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Tom Siebel, CEO of Siebel Systems, meets with Kellogg Students following his Keynote Address.

Digital Frontier '02 takes stock of high-tech fallout

Student conference explores New Economy's past and future

11/6/2002 - As it does each year, the Kellogg School's Digital Frontiers Conference (DFC) brought together some of the best minds in academia and the information technology industries to explore the past and possible future of New Economy business. On Jan. 19-20, the longest-running high-tech MBA conference in the United States celebrated its 7th anniversary, offering more than 600 students, faculty and industry experts an opportunity to come together in the Donald P. Jacobs Center to discuss a variety of business implications engendered by recent trends and advances in the IT sector. Keynote speakers included Tom Siebel, CEO of Siebel Systems; Peter Thiel, CEO of PayPal: Brian Ferguson, chairman and CEO of Eastman Chemical Co.; and Kaleil Isaza Tuzman, former CEO of

Related Video Related Video
  Tom Siebel, part 1

  Tom Siebel, part 2

  Kaleil Isaza Tuzman
The conference theme was "Transcending the New Economy." The student organizers of the event sought to offer participants a perspective on the tumultuous year in technology and provide insights into how technology has effected organizational changes. In particular, said DFC general manager Josh Holmstrom '02, the organizers wanted to broaden the event's appeal by showcasing the way technology has impacted a variety of industries, including those in both Old Economy and New Economy organizations.

"We really tried to change the focus of the conference this year to make it less technical and instead provide a stronger general management perspective about technology," Holmstrom said. "We tried to find panels and topics that really illustrated how technology has impacted a bunch of different businesses. After the [Internet downturn of] last year, we wanted to bring some excitement back to DFC to show people that this technology is here to stay. There's a lot of great things going on, despite the reaction of the NASDAQ and some high-tech companies that have failed."

Among the intellectually stimulating panel discussions were considerations of nanotechnology, online auctions, cutting edge media, and technology innovation in Latin America. Of particular interest to attendees was a moderated discussion of the lessons learned over the last year by business leaders and their companies operating during a turbulent market.

In his keynote address, Tom Siebel (pictured above) emphasized the rapidity of change in the IT sector, and advised people to keep the recent market downturn in perspective.

"Investment bankers are talking about a 'terminal recession,'" said Siebel, who disagreed with that analysis. "This is nothing. This is a pretty modest recession. You have to put the ludicrous e-markets of two or three years ago in their historical context. Twenty years from now we'll look back and see that we were just at the beginning of the greatest economic expansion in history."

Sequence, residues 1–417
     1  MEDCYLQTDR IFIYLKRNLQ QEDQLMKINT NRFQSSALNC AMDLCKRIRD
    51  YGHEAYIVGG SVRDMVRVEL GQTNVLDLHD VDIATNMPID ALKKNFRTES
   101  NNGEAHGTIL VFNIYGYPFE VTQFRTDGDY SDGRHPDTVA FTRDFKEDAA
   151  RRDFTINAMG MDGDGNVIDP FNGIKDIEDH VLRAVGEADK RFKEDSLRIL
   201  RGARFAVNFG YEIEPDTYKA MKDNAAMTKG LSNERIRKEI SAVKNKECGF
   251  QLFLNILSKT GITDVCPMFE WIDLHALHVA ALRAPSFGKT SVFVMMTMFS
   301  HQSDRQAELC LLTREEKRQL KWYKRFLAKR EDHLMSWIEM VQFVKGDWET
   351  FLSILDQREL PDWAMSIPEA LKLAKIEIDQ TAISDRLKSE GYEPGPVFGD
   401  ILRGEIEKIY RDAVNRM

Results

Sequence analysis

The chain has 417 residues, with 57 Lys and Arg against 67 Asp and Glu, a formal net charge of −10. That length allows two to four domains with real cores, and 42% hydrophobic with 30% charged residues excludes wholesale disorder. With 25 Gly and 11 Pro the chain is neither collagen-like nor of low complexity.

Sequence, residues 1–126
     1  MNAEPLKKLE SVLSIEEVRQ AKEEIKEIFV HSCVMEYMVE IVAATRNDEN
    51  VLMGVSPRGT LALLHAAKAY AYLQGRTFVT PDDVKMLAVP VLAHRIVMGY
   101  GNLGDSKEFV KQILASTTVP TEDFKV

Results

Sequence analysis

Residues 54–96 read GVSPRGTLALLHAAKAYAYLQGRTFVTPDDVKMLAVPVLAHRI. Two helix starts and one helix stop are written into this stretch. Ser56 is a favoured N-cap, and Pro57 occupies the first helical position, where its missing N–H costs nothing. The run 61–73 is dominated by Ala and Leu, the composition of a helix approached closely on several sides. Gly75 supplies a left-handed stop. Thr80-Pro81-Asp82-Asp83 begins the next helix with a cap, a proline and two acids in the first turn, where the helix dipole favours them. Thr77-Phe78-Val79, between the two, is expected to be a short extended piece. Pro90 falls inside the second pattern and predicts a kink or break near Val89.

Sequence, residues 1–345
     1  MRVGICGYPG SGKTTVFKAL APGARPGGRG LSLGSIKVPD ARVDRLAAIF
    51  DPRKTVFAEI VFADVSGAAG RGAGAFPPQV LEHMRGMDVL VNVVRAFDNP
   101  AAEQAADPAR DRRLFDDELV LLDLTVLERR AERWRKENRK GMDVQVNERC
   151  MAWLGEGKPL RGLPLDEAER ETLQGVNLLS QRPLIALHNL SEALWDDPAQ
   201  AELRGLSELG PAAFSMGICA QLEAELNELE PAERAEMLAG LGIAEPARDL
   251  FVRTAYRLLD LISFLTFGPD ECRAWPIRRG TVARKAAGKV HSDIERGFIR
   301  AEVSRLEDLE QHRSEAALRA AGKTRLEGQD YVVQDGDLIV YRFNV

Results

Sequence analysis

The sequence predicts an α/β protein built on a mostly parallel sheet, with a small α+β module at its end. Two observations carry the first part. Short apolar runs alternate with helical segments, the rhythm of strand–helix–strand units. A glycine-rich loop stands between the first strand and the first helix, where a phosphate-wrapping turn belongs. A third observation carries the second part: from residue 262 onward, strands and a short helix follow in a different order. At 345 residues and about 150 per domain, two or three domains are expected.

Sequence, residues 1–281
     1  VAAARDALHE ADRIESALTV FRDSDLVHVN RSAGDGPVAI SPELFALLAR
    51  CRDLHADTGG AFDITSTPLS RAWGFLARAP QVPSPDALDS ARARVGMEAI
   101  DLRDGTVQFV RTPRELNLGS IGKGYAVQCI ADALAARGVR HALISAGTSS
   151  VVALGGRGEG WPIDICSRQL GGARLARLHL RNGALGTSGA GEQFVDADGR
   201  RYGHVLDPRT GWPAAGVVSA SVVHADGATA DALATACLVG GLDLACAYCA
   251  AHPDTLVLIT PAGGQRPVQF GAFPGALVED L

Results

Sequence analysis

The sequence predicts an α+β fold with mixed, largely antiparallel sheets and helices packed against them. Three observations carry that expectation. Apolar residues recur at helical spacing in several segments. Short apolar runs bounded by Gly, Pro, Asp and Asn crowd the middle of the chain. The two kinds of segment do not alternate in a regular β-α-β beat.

Siebel's keynote touched on a variety of subjects, including recommendations for MBA graduates to secure a job, even during a recession. "How do you get a job in this market?" he asked the capacity audience. "Same way you would in an expansive market. You find the industry you want to work for, you find the company you want to work for and then you get hired."

Siebel emphasized a return to basics in the job search, telling students to communicate their passion to a would-be employer, and to be sure to err on the side of professionalism.

"You want to be in charge, you better look the part. Business is not a casual activity. It's not done in blue jeans and a tie-dyed T-shirt with a Labrador retriever in the conference room," he said. "Buy a couple suits. And be an expert in your area - whether you're working with vacuum cleaners or computers."

The CEO also stressed the importance of ethical behavior in business, relating how his company has always striven to be an exemplary corporate neighbor in whatever community with which it's involved. Siebel chastised business leaders whose "misplaced values" put advancing shareholder concerns before all other interests. "That [model] is a bunch of bunk," he said. "The CEO's job is to build a great company with great customer service. Shareholder value is really a secondary concern."

Discussing what he considered best strategies for corporate success, Siebel insisted that students should pay more attention to business courses in the area of organizational behavior. "This was the stuff I slept through in school," recalled Siebel. "I was on the golf course. But in reality, this is the most important material to learn, because we're playing a human capital game, and it's your team versus their team. If you can recruit, train and keep the best people, you will win every time."